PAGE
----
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Discussion Starter · #1 ·
I recently bought a C.D. and wanted to upload it to iTunes and put it on my iPod, but it would not load. I thought, "Oh, it must have a security thing." So I tried it in a C.D. player. It worked. I tried once more with the computer, and it failed. The driver shows up. But there is no C.D. I even tried another C.D. to see if it was just the one I had bought, but it wasn't. Any ideas?
 

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Hi lol_alex_lol30 and welcome to TSF:wave:

I can help you with some basics, but you will need to check further to get all the data you need, as I don't upload to iTunes.

I'm assuming you bought an audio CD. I'm also assuming that iTunes would like to see MP3 audio files....You will need to find that out. This though, is true. When you burn an audio CD from music files, those files are most likely in the form of WAV on your harddrive. They are burned onto the CD with a .cda extension and are named track 1, track 2, etc. The song names are not shown on the CD if you view it with Windows Explorer.

Extracting songs from an audio CD to harddrive is called ripping the song. Songs end up on your harddrive in the form of "songname.wav". songname will be Track1, Track2, etc. and you will have to rename each to have the actual song title associated with the song. WAV files are quite large and about 24 songs is the maxium that you can burn onto an audio CD.

Mpeg level 3 (MP3) is a compression specification that can be used to make much smaller audio files. A 20,000,000 (20 meg) WAV file will compress into a MP3 file that is about 2 meg or less. A file that is 10 to 11 times smaller than the WAV file. I'm sure you can appreciate the fact that small files upload much faster than very large ones. Also you can put about 240 mp3 files on a CD, but only about 24 wav files. You could also appreciate that your ear can't tell the difference between the sound of a wav file and a mp3 file when played.

Most players will play either mp3 or wav. The dvd player connected to your TV will probably play mp3 songs. New players will, older ones might not. Most players cars will not play mp3 songs, so you will need to burn audio cd's from wav files.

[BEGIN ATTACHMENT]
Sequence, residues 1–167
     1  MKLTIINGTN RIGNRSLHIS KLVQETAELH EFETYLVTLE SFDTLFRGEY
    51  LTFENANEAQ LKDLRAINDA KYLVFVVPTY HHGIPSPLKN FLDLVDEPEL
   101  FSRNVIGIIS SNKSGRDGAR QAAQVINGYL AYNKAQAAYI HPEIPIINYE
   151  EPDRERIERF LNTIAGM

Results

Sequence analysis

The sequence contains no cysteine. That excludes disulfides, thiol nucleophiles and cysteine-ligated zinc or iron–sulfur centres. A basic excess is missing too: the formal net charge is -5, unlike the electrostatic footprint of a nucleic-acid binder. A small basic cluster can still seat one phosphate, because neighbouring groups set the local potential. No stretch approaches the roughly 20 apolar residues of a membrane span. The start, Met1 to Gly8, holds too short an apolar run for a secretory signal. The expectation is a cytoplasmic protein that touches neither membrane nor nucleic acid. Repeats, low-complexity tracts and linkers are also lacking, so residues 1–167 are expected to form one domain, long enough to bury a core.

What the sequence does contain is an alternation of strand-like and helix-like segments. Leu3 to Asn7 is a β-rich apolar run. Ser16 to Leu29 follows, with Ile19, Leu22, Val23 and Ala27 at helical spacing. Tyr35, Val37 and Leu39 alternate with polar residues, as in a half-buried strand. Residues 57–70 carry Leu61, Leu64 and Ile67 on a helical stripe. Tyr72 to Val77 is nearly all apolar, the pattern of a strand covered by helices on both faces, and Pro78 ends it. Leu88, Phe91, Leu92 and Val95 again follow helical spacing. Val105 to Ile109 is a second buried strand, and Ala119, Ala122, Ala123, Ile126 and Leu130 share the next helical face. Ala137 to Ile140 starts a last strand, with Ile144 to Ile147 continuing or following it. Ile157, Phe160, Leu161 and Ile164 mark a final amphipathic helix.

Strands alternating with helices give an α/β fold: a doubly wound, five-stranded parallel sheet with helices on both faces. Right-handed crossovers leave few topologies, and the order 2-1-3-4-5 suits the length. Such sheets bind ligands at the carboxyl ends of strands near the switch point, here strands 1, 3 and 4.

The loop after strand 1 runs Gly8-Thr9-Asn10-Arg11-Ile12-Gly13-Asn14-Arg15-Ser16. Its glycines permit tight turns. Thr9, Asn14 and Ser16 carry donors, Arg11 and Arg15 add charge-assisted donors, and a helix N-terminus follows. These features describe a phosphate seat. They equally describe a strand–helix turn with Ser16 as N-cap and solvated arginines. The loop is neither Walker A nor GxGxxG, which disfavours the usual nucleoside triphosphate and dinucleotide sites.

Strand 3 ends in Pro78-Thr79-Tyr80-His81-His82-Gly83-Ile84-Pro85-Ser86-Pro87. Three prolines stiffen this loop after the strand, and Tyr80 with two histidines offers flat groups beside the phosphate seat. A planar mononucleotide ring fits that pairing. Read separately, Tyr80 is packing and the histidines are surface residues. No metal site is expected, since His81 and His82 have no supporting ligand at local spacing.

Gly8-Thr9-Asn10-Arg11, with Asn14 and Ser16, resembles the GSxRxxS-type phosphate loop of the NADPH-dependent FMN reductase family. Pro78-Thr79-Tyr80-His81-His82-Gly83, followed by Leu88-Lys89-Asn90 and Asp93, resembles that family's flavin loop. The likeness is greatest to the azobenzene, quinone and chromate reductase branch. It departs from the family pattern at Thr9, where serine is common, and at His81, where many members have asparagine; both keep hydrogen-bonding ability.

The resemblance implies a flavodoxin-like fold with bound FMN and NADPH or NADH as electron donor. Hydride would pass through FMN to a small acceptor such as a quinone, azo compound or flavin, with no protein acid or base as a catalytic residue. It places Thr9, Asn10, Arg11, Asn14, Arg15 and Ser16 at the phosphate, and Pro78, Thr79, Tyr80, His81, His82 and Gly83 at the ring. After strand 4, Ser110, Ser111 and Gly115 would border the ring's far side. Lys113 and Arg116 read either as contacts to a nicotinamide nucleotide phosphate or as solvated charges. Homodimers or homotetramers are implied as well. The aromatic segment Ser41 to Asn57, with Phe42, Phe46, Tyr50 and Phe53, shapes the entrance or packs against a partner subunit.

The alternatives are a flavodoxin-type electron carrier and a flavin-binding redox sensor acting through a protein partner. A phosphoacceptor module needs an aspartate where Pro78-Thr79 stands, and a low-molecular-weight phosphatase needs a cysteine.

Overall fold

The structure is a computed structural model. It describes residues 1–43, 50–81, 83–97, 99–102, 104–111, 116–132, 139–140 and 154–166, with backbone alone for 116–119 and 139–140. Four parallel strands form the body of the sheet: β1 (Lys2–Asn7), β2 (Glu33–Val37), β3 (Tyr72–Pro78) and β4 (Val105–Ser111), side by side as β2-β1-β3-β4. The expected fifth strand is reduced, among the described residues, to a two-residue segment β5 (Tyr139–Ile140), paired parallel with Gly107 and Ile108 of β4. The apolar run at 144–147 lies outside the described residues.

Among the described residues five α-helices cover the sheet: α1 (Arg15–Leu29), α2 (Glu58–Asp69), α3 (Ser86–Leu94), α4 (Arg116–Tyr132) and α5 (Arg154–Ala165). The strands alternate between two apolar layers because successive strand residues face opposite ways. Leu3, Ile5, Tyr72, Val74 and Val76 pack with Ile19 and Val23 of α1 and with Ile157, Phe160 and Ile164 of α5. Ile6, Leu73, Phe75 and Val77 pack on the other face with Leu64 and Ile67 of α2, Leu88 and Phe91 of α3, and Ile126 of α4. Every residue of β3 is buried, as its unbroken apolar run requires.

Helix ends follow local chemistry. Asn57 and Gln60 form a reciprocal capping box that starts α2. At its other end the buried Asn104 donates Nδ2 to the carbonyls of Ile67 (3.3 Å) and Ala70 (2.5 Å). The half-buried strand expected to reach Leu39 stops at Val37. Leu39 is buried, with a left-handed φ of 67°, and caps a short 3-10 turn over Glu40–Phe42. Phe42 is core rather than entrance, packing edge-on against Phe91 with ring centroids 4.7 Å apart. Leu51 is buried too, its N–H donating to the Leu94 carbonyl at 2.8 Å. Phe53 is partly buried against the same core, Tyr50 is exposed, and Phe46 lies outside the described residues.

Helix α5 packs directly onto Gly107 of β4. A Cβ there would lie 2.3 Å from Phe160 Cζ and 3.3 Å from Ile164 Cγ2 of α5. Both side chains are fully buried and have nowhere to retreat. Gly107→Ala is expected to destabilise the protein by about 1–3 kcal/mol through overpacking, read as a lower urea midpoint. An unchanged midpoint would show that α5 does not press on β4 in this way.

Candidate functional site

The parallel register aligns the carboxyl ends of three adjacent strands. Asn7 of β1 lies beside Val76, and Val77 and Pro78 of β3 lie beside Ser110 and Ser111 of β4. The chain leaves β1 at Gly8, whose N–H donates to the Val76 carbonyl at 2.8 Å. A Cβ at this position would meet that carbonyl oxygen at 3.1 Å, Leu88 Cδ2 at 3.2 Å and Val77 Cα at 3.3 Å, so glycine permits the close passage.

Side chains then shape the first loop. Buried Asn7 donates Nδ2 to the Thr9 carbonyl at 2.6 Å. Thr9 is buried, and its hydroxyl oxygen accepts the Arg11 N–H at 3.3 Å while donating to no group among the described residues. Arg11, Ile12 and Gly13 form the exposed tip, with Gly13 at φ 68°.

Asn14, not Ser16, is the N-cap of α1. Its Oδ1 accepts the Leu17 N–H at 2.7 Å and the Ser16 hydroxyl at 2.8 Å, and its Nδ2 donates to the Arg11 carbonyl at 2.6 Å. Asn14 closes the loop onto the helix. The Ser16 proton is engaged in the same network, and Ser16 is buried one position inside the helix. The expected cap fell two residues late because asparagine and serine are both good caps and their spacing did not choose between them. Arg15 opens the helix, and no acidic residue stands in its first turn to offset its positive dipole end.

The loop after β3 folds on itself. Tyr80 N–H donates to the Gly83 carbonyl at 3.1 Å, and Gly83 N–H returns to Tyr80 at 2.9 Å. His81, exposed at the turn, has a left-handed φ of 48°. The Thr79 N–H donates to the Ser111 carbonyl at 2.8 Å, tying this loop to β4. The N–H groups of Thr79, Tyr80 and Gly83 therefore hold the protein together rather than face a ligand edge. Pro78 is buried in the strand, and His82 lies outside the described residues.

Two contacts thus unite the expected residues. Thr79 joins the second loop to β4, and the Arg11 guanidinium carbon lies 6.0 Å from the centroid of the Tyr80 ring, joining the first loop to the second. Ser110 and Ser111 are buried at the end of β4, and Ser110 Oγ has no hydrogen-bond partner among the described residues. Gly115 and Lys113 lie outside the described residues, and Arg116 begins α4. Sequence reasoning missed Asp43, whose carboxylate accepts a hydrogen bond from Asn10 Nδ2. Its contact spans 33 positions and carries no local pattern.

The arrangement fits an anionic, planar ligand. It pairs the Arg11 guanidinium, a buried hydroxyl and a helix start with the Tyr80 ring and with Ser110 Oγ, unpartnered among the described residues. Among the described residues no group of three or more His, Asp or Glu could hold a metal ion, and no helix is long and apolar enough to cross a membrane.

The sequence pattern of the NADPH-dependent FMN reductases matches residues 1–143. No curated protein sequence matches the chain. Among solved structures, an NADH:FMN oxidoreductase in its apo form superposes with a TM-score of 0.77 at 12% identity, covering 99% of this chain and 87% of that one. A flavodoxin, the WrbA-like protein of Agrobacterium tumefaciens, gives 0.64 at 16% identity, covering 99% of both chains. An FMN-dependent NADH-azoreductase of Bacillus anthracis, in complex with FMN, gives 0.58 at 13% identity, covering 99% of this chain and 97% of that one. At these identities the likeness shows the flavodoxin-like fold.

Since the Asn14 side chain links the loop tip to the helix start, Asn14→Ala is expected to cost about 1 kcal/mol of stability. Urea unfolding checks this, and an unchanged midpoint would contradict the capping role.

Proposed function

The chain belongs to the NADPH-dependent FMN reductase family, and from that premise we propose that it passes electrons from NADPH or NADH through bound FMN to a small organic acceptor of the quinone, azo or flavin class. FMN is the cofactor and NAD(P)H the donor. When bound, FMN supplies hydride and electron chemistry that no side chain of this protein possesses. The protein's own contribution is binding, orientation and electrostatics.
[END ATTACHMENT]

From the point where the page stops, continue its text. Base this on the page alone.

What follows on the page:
There are lots of programs on the web that will manipulate song files. I use 'CDEX' to rip audio files. I use 'Wav to MP3 encoder' to compress .wav files to .mp3 files. I use 'MP3toWAV' to convert back to wav. If you want to burn an Audio CD for your car, convert your .mp3 files to .wav and burn them as an audio CD.

If you want to get serious about audio files, you might want to download and use Cool96. It is free and can be used to really do a lot of work on .wav audio files. You can filter out noise, add silence at the beginning and end of files. Increase/Decrease the amplitude, and much much more.

You can get cool96 at this link:
http://un2sg4.unige.ch/athena/html/tools.html

I'm sure I have told you more than you wanted to know, but, what the heck. The more you know, the better you will like yourself.:grin:

Best regards,
Mack1
 

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Discussion Starter · #3 ·
Normally, I do not encounter problems when ripping the song. I just put the CD in and use iTunes. The problem is my CD Drive. It is not functioning at all. I've tried other Audio CDs. I've tried game CDs, but none of them work at all. My CD Drive is listed there. But, it does not function.
 

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Hi lol_alex_lol30,

From your first post, it wasn't clear that NO cd would work in the drive.
That being the case, I like both of Coolfreak's suggestions.

If his suggestions don't work, try this. Open your computer case and reseat the data and power cable to the CD drive. You'd be surprised how many times this solves the problem. Be sure to touch the bare metal case before touching anything inside the computer to discharge any static electricity.

Best regards,
Mack1.
 
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